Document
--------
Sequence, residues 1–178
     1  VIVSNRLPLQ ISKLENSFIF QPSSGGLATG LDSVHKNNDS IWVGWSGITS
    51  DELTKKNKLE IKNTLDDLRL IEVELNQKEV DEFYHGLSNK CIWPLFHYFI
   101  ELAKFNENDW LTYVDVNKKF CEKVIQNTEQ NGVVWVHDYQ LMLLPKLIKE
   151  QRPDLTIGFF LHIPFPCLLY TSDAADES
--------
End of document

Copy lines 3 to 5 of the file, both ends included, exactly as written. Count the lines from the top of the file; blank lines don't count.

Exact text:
    51  DELTKKNKLE IKNTLDDLRL IEVELNQKEV DEFYHGLSNK CIWPLFHYFI
   101  ELAKFNENDW LTYVDVNKKF CEKVIQNTEQ NGVVWVHDYQ LMLLPKLIKE
   151  QRPDLTIGFF LHIPFPCLLY TSDAADES